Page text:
This diagram from the Cynefin Centre shows the relative sizing of the 3 systems. Complexity by far is the largest and continues to grow.  All organizations are complex adaptive system. A worthy safety vision must include the Age of Cognitive Complexity and view Safety as an emergent property of a complex adaptive system. The different thinking means rules don’t create safety but create the conditions that enable safety to emerge. Now we can understand why piling on more and more rules can lead to cognitive overload in workers and enable danger, not safety, to emerge.

2. How should we treat workers – as problems to be managed or solutions to be harnessed?

The Age of Technology and Age of Human Factors treated workers as problems – as cogs in a machine and as hazards to be controlled. The Age of Safety Management view recognizes that rules cannot cover every situation. Variability isn’t a threat but a necessity. We need to trust that humans always try to do what they think is right in the situation. The Age of Cognitive Complexity appreciates that humans think differently than logical information-processing machines in an Engineering paradigm. Humans are not rational thinkers; decisions are based on emotional reactions & heuristic shortcuts. As storytellers, people can articulate thick data that a typical report is unable to provide.  As solution providers, workers can call upon tacit knowledge – difficult to transfer to another person by means of writing it down or verbalizing it. Workers who feel like cogs or hazards tend to stay within themselves for fear of punishment. Knowledge is volunteered; never conscripted.

3. What safety heuristics can we share?

While Best Practices manuals are beneficial,  heuristics are on a  bigger stage when dealing with decisions. Humans make 95% of their decisions using heuristics. Heuristics are mental shortcuts to help people make quick, satisfactory but not perfect decisions.

They are the rules of thumb that Masters pass on to their Apprentices. Organizations ought to have a means to collect Safety-II success stories and use pattern recognition tools. Heuristics that emerge can be distributed to Masters for accuracy scrutiny.

4. How can we get more safety stories like these, fewer stories like those?

This question pertains to a new way of shaping a safety vision through the use of narratives (stories, pictures, voice recordings, drawings, sketches, etc.)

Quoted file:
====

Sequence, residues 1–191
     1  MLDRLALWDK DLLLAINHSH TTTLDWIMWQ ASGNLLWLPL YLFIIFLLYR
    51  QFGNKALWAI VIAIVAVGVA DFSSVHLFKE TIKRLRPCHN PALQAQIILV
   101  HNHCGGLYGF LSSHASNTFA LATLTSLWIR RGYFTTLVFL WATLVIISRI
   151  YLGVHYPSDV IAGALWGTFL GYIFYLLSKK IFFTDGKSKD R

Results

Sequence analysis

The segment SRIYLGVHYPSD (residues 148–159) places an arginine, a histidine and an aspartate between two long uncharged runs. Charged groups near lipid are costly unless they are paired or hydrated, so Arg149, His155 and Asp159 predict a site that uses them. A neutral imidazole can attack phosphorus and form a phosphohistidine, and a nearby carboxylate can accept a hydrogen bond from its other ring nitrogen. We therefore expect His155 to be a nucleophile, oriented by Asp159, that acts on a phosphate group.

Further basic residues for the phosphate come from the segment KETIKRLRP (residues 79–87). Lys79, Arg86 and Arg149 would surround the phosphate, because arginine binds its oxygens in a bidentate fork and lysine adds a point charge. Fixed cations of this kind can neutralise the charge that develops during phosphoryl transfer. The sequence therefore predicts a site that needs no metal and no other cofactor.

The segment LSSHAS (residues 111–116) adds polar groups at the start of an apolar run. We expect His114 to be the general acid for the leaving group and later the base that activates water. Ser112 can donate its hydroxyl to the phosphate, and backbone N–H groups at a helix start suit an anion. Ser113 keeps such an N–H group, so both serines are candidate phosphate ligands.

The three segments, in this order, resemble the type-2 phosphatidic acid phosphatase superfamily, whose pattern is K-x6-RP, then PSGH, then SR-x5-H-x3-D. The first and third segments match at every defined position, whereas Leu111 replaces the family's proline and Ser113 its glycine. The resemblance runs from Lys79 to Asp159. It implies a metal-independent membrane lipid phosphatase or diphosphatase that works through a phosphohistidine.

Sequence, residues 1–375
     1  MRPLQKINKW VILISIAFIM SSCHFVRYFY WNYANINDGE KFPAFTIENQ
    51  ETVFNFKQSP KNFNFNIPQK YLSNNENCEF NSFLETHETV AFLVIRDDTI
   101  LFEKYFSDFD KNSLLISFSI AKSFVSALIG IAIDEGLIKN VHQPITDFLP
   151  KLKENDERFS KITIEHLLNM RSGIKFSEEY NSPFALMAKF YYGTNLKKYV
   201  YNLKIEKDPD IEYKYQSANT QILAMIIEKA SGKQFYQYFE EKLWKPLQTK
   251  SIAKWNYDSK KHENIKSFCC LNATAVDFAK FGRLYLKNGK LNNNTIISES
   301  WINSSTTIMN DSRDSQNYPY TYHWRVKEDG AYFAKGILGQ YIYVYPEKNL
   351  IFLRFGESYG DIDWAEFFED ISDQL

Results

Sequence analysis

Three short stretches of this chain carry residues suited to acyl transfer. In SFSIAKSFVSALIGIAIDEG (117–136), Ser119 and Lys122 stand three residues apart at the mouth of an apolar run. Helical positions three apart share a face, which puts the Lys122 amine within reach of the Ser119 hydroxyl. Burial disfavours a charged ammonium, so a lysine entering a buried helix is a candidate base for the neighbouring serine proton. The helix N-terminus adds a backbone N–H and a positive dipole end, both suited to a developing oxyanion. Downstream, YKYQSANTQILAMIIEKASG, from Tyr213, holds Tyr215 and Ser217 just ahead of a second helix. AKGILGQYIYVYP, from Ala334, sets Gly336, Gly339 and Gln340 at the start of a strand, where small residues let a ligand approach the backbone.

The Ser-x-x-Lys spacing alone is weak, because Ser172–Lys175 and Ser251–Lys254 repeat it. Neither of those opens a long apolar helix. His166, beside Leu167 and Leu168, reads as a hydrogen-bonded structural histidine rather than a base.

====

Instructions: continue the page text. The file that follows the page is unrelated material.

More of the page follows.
Narratives are converted into data points to generate a 2D contour map or fitness landscape
Each dot is a story and seen together they form patterns. The map shows the general direction we want to head – top right corner (High compliance with rules & High level of getting the job done). Clearly we want more safety stories in the Green area.  We also want fewer in the Red and Brown areas. Here’s the rub: If we try to go directly for the top right corner, we won’t get there.  This is ATTITUDE mapping at a level way deeper than observable BEHAVIOUR. Instead we head for an Adjacent Possible.
We get people to tell more stories here, fewer there  by changing a human constraint. It might be loosening a controlling constraint like a rule or practice. It could also be introducing an enabling constraint like a new tool or process.
We gather more stories and monitor how the clusters are changing in real-time. The evolving landscape maps a new Present state – a new starting point. We then change another constraint. Since we can’t predict outcomes both positive and unintended negative consequences might emerge. We accelerate the positives and dampen the negatives. In essence we co-evolve our way to the top right corner of the map. This is how we shape our Safety Culture.

7 Implications of Complexity for Safety

One of my favourite articles is The Complexity of Failure written by Sidney Dekker, Paul Cilliers, and Jan-Hendrik Hofmeyr.  In this posting I’d like to shed more light on the contributions of Paul Cillliers.

Professor Cilliers was a pioneering thinker on complexity working across both the humanities and the sciences. In 1998 he published Complexity and Postmodernism: Understanding Complex Systems which offered implications of complexity theory for our understanding of biological and social systems. Sadly he suddenly passed away in 2011 at the much too early age of 55 due to a massive brain hemorrhage.

My spark for writing comes from a blog recently penned by a complexity colleague Sonja Bilgnaut.  I am following her spade work by exploring  the implications of complexity for safety. Cilliers’ original text is in italics.

  1. Since the nature of a complex organization is determined by the interaction between its members, relationships are fundamental. This does not mean that everybody must be nice to each other; on the contrary. For example, for self-organization to take place, some form of competition is a requirement (Cilliers, 1998: 94-5). The point is merely that things happen during interaction, not in isolation.
  • Because humans are natural storytellers, stories are a widely used  interaction between fellow workers, supervisors, management, and executives. We need to pay attention to  stories told about daily experiences since they provide a strong signal of the present safety culture.
  • We should devote less time trying to change people and their behaviour and more time building relationships.  Despite what psychometric profiling offers, humans are too emotional and unpredictable to accurately figure out. In my case, I am not a trained psychologist so my dabbling trying to change how people tick might be dangerous, on the edge of practising pseudoscience.  I prefer to stay with the natural sciences (viz., physics, biology), the understanding of phenomena in Nature which have evolved over thousands of years.